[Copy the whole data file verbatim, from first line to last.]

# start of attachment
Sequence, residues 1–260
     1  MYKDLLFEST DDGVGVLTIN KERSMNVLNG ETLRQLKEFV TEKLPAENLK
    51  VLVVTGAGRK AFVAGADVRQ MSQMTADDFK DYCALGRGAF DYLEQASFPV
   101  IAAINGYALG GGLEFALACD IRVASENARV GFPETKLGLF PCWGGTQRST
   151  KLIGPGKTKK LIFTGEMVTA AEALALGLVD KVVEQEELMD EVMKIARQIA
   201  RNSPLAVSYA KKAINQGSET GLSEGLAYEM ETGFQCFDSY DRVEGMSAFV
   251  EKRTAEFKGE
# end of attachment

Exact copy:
Sequence, residues 1–260
     1  MYKDLLFEST DDGVGVLTIN KERSMNVLNG ETLRQLKEFV TEKLPAENLK
    51  VLVVTGAGRK AFVAGADVRQ MSQMTADDFK DYCALGRGAF DYLEQASFPV
   101  IAAINGYALG GGLEFALACD IRVASENARV GFPETKLGLF PCWGGTQRST
   151  KLIGPGKTKK LIFTGEMVTA AEALALGLVD KVVEQEELMD EVMKIARQIA
   201  RNSPLAVSYA KKAINQGSET GLSEGLAYEM ETGFQCFDSY DRVEGMSAFV
   251  EKRTAEFKGE